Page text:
Lately, I’ve been plagued by a seemingly simple question: How can I offer meaningful (and concise) explanations of the world to my 18-month-old daughter? What do I say when she encounters something new, and wants to know what it means? And when I say ‘mean’, I mean both kinds of meaning.
From the earliest stages of consciousness we are curious about the collectively determined signs associated with objects and events. But there is more to meaning than signs. Meaning also refers to the ontological determination of our collective.
Interestingly enough, there is not actually that much distance between the nuance in meaning.
“What is rain?” And, “To what do I belong?” both emerge unconsciously from the iterative exchange that exists between self and other. Because we are self-reflective creatures, we do not merely participate in the exchange; we are also burdened by, and are serendipitously aware of it.
It didn’t take long for me to realize that what I wanted for my daughter was something that I wanted for myself as well. This opened up a host of other questions that had been burning to get out…questions that in the multifarious discourse of post-modernity had seemed tired and cliché.
Perhaps, not surprisingly, my daughter gave me permission to go there. And, like Theseus, in order to survive the labyrinth, I need some new narrative threads…and plenty of them. In other words, I think it’s time for us to recover a mythos that is both contemporary (taking into account the current iteration between us and the world) and timeless. After all, when my daughter ends up experiencing the trauma of inequality, I can’t just hand her a copy of Das Capital and say “figure it out.”
The beauty of myth, is that once we venture into its realm, we become aware of a host of other questions that thrive there.
Questions like: What is a human being? What is life? What is death? What do I value? Where did I come from? Where am I going? And, in terms of an ethic based on the answers to these questions, how do my values iterate with the values held by my social circle? with those beyond my circle?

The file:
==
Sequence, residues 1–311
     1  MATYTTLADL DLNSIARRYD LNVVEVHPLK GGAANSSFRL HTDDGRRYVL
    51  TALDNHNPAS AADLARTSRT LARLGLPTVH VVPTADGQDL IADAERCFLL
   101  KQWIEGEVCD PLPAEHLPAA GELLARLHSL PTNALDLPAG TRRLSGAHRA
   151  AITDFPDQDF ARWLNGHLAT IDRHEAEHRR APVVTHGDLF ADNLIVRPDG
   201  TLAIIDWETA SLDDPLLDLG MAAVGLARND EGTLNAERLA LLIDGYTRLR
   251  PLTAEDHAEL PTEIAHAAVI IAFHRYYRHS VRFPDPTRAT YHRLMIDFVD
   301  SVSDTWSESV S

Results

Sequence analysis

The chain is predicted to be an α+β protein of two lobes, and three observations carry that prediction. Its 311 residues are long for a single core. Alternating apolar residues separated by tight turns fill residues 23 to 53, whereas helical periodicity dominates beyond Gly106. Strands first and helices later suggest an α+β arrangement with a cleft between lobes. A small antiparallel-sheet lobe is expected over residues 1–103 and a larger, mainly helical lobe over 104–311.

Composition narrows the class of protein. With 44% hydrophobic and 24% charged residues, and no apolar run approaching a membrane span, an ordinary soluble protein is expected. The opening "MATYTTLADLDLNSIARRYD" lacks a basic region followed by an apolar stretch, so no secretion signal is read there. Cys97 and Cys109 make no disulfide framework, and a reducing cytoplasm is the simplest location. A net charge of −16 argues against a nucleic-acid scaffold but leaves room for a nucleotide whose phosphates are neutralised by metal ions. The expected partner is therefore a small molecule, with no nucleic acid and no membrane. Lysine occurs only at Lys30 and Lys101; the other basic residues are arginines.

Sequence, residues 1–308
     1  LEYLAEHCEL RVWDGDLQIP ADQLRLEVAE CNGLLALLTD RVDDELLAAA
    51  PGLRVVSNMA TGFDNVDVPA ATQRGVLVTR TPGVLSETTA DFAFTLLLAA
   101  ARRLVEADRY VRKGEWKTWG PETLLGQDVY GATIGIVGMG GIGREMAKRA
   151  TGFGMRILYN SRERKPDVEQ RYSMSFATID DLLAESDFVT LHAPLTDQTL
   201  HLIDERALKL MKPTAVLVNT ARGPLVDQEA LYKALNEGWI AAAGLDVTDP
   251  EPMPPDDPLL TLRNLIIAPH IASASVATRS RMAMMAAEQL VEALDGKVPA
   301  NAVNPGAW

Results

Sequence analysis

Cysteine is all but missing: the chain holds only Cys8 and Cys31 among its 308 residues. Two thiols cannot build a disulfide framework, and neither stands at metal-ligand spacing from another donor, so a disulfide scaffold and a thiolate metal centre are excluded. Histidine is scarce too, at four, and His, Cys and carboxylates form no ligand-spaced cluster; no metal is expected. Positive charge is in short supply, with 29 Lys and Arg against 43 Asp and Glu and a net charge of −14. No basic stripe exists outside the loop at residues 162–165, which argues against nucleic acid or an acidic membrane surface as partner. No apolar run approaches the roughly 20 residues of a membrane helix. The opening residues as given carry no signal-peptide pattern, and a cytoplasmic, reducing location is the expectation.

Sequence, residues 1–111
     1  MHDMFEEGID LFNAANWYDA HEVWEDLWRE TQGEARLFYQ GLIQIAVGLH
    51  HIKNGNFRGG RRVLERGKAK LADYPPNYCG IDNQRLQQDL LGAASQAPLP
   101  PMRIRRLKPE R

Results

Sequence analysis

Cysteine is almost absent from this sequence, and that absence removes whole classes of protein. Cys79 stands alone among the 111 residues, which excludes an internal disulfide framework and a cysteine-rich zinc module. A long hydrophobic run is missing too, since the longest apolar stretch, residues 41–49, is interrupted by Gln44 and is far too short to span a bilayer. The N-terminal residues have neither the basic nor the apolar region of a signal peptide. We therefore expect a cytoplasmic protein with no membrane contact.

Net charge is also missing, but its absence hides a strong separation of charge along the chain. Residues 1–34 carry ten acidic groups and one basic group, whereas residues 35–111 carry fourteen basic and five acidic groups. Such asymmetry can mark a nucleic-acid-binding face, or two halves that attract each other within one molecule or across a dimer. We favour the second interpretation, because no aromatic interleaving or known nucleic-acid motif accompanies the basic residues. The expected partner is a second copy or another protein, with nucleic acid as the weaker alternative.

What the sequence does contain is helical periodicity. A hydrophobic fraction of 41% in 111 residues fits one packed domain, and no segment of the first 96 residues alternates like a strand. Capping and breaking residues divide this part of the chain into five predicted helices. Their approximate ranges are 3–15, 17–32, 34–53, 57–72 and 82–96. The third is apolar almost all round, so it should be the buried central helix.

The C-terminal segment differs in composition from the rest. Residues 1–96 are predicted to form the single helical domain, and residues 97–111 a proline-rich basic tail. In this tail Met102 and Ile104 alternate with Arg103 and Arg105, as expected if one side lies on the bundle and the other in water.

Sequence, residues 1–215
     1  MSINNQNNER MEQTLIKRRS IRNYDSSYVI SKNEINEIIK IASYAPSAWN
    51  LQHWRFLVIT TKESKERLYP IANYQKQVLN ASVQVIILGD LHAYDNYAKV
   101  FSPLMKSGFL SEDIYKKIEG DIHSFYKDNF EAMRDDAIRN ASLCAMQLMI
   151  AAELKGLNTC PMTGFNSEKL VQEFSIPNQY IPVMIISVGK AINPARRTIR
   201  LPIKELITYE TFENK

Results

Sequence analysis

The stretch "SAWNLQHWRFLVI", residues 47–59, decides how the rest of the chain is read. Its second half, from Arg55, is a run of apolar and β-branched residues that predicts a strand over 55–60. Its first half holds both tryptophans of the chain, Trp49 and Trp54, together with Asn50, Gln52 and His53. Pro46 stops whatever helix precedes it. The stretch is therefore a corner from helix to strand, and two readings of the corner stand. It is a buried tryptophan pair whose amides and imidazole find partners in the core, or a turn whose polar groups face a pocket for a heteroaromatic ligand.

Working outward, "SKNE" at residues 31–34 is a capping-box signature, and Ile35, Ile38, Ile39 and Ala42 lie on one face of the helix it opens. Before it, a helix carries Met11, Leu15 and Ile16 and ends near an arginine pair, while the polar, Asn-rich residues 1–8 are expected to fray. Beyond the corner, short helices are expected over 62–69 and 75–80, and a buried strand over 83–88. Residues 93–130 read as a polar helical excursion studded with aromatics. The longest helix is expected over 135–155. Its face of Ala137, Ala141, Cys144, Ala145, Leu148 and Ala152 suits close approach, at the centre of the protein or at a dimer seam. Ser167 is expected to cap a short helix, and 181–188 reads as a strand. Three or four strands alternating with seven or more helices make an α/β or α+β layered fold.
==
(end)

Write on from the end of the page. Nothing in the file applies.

Friends, let me clarify by saying that I have no doubt we have a mythos. I have no doubt that it guides our decision making, or that it enables us to operate within the context of our values. But when I go to look for it, there’s nothing there. When I reach for a simple explanation, for an image which is bound to the larger symbolic matrix of our existential reality, I come away with half formed ideas and cumbersome circumlocutions. And, on their own, these have utterly failed to help me answer the big questions in life:
Who am I? Where did I come from? Where am I going? To what/whom do I belong?
These questions have driven me to distraction, they’ve stolen hours of sleep (though Netflix watch instantly might have contributed to that as well), and they’ve left me mostly speechless. If the agenda of post-critical thought was to increase discourse to the point of nonsense (in an effort to undermine the presupposition that language itself was inherently coherent), it worked. And if this is some sort of unintended Zen treatment for the western condition, then on the other side of nonsense is silence, and on the other side of that silence is wisdom. (This is my unfounded hope)
But for me, in the day-to-day practicality of my existence, if there has been a particular anxiety that has floated to the surface these last few years, it is voicelessness. Lacking a myth, I’ve cycled through the various voices which have been made available me to help in the decoding process.
1. Psychoanalysis: It seems that the world has become a deconstructed symbolic matrix of former totems, which neither the king’s horses, nor the king’s men can re-assemble (glass-half-empty)
2. Heidegger’s Ontology: We have revealed Dasein into near oblivion, and are waiting for the flash of Dasein that comes as a salvation from our Enframed posture towards the world (glass-half-full)